By Philip P. Arnold
How do humans meaningfully occupy the land? In sixteenth-century Mexico, Aztec and Spanish understandings of land shaped the foundation in their cultural identities. Their certain conceptions of land additionally proven the stressful personality of cultural touch.
As Philip P. Arnold continues in consuming panorama, significant to Aztec meanings of land have been ceremonies to Tlaloc, god of rain, fertility, and earth. those ceremonies incorporated baby sacrifices for rain and corn, priestly auto-sacrifices at lakes, mountain veneration, and ancestor worship. What unifies those ceremonies, contends Arnold, is the Aztec figuring out of foodstuff. via feeding deities of the land, humans may perhaps consume. Seeing the valley of Mexico as Tlalocan (the position of Tlaloc) and characterizing it as an "eating panorama" illustrates an Aztec mode of occupying land.
At an identical time, Arnold demonstrates that the very texts that open a window on Tlaloc ceremonies have been created by way of Spanish missionaries. fairly vital used to be Sahagn's Florentine Codex, which--as used to be the case with the paintings of different ethnographers--was meant to wreck Aztec ceremonies via exposing them via writing. utilizing texts to bare a pre-Columbian previous, as a result, is tricky. Arnold consequently indicates an alternate examining of the texts as regards to the cloth setting of the Valley of Mexico.
By connecting ceremonies to precise water classes, mountains, vegetation, and animals, Arnold finds a extra encompassing photo of Aztec ceremonies, revealing the distance among indigenous and colonial understandings of land. Indigenous innovations of occupying land in Mexico interested in ceremonies which addressed the fabric stipulations of lifestyles, whereas colonial innovations of occupying land headquartered round books and different written fabrics reminiscent of Biblical and classical texts, ethnographies, and felony records. those specific methods of occupying Tlalocan, concludes Arnold, had dramatic results for the formation of the Americas.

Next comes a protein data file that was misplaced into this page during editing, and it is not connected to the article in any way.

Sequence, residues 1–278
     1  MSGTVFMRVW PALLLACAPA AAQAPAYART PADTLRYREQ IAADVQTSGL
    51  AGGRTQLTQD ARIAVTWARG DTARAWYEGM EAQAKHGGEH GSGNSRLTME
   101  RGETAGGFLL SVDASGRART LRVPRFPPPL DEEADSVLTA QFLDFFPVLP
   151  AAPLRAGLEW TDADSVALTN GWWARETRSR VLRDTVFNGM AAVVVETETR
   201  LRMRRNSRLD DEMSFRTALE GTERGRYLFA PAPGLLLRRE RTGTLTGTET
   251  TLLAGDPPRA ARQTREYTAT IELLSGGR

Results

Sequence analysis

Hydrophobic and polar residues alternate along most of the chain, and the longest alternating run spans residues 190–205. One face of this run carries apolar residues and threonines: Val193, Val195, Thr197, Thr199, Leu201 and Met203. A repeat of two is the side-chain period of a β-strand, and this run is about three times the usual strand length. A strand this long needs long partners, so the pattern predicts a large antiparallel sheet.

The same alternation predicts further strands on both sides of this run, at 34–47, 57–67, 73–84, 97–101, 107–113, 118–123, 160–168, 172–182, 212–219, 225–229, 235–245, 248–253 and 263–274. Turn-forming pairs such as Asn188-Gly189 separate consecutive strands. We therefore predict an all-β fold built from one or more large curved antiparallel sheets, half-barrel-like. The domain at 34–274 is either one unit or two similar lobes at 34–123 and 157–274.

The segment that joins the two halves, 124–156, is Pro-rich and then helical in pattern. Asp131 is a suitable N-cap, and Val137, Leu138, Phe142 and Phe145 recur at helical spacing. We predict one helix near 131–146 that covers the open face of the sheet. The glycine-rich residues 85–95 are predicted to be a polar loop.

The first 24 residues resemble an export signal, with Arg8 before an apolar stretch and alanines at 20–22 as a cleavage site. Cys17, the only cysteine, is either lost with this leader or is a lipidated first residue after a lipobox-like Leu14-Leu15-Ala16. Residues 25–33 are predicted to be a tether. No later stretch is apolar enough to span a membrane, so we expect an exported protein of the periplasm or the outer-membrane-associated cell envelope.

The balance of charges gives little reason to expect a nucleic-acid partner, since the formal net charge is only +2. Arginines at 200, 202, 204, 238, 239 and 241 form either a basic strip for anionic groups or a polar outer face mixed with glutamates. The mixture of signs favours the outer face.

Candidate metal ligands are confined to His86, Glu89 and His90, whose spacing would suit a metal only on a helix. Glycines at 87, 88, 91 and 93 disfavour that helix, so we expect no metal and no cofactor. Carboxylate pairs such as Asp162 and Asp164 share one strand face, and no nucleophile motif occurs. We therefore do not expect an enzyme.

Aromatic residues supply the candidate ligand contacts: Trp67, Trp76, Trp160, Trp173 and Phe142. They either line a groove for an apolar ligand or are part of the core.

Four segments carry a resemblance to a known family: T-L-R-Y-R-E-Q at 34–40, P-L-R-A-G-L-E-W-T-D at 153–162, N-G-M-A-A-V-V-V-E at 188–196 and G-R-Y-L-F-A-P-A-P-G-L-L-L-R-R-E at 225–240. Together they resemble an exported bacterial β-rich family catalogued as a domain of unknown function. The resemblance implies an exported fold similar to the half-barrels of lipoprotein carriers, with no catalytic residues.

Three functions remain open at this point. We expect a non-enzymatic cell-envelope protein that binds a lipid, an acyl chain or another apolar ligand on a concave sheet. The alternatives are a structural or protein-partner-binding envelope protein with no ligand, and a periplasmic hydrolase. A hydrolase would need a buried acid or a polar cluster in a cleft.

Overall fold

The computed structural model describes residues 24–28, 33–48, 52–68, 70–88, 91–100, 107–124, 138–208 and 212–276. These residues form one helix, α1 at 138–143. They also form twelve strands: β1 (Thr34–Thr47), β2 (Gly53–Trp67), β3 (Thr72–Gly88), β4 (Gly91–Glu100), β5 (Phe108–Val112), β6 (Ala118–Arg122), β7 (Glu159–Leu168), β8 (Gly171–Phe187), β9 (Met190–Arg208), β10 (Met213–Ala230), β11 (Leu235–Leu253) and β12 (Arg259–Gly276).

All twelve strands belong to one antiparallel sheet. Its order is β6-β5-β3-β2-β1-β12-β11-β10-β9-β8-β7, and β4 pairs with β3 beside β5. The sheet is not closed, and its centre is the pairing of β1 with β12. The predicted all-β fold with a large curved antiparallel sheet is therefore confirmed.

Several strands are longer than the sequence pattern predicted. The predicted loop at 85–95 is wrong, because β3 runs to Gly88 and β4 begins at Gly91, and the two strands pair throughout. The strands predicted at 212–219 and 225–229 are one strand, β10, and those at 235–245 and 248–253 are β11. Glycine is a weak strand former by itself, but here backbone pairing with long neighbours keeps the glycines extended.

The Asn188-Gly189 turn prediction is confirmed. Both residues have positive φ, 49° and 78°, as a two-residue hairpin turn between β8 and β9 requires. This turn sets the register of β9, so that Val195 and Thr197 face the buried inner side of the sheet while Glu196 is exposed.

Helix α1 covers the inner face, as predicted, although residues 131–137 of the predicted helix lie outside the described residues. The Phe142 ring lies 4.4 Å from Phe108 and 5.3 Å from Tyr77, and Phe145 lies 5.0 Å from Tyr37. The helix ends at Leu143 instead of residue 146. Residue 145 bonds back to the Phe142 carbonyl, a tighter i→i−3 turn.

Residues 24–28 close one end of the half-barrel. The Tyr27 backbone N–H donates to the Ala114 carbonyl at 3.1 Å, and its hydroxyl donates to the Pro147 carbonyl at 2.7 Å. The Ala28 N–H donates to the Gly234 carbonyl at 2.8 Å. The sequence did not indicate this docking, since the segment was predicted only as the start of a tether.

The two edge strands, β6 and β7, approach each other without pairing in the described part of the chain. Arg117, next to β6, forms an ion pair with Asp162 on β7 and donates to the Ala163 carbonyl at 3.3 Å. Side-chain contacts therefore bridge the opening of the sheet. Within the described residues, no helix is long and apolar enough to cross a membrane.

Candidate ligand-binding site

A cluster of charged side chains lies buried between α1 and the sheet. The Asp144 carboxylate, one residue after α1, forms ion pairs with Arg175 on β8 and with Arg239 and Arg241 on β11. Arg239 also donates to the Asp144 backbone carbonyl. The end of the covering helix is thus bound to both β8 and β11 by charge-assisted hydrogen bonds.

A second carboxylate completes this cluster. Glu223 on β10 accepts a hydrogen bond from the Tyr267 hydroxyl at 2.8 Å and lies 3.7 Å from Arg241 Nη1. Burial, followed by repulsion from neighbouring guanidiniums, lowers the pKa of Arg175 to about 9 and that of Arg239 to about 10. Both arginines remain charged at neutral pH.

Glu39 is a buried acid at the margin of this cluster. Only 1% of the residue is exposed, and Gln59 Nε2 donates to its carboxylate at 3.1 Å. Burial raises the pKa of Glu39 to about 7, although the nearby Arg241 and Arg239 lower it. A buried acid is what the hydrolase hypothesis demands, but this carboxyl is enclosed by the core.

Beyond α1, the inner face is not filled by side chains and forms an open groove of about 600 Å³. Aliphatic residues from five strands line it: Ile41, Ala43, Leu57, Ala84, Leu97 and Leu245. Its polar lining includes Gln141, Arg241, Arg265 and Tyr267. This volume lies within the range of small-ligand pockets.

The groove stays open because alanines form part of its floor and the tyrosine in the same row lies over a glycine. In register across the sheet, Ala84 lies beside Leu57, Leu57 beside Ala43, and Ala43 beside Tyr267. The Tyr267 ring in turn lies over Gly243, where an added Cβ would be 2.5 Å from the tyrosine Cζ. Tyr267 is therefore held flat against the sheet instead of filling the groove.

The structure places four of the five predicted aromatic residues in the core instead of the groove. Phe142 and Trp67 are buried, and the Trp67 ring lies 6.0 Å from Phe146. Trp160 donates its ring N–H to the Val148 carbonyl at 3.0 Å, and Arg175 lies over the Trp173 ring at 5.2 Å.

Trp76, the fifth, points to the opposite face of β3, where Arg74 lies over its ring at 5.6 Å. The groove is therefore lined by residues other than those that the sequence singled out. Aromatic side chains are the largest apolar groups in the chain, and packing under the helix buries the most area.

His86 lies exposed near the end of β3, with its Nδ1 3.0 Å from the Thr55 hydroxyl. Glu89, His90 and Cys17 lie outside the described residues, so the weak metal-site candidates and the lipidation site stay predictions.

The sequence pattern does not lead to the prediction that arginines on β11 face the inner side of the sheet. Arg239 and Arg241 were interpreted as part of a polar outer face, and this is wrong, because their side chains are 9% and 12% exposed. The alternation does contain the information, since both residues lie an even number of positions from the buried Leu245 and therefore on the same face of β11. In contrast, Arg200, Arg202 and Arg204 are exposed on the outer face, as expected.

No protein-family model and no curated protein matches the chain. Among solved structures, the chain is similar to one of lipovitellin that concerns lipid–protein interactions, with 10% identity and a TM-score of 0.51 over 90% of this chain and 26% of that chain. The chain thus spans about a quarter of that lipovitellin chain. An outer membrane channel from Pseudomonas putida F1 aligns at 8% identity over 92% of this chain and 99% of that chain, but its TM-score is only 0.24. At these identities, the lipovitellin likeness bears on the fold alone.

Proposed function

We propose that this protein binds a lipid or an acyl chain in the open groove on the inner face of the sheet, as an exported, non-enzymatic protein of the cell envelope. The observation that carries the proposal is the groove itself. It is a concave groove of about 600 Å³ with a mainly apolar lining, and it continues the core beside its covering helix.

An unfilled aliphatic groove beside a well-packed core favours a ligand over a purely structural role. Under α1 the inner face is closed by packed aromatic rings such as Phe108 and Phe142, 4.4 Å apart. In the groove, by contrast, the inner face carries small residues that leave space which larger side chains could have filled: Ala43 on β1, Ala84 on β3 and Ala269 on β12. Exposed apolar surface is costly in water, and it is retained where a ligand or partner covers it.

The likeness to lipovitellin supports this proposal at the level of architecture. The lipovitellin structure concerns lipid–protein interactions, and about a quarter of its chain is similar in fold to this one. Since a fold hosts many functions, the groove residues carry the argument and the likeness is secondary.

Filling a spot within the insurance of Aztec cosmology, consuming panorama brings hermeneutics to archaeology and linguistic research in new ways in which could be of curiosity to historians of faith and archaeologists alike.
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Extra resources for Eating Landscape: Aztec and European Occupation of Tlalocan (Mesoamerican Worlds)
The intention will be to utilize the processes of a secondary creation of Tlalocan to pressure our current dominant understandings of occupying land. Thus, disjunctions between Tlalocan and the New World will be emphasized in chapter 7. Sahagún can be said to have been straining to occupy a utopian, or placeless, world. Contrary to indigenous understandings, a dominant colonial emphasis was placed on transcendence, salvation, heaven, etc. The defining features of colonial religion initiated an emphasis on carving out that utopian vision, which in turn transformed the materiality of the Americas into an abstract ideology.
In Part 1 ("Explorations of Tlalocan"), four key rituals to Tlaloc will be examined from the vantage point of the Mesoamerican preoccupation with the violence of consumption. As expressed by rituals regarding Tlalocan, the Aztec inhabited an eating landscape. The primary intention of Part 2 ("Tlalocan and New Spain: Hermeneutics of Occupation in the Valley of Mexico") is to develop a method by which to discuss the significance of the pre-Columbian Tlaloc cult. The methodology of the history of religion is used here to generate critical reflections on Aztec hermeneutics of occupation through an analysis of the disjunctions between Spanish and Aztec modes of occupying the Valley of Mexico.
AztecsRites and ceremonies. 2. AztecsLand tenure. 3. Aztec cosmology. 4. Tlaloc (Aztec diety) 5. Geographical perceptionMexicoMexico, Valley ofHistory. I. Title. 49dc21 99-10880 CIP 08 07 06 05 04 03 02 01 00 99 10 9 8 7 6 5 4 3 2 1 Page v For Sandy CONTENTS Page vii List of Illustrations ix Foreword xiii Acknowledgements xi Preface xv 1. Introduction: Orienting Questions and Methods 1 The Matter of Understanding 4 Part I: Explorations of Tlalocan 2. Introduction to a Mesoamerican Landscape 33 Tlaloc and the Sources 33 Etymologies of Tlaloc 35 Tlaloc Iconography at Teotihuacan 39 Tlaloc Archaeology, Ethnology, and Ecology 46 Templo Mayor 49 The Body in Mesoamerican Time and Space 53 3.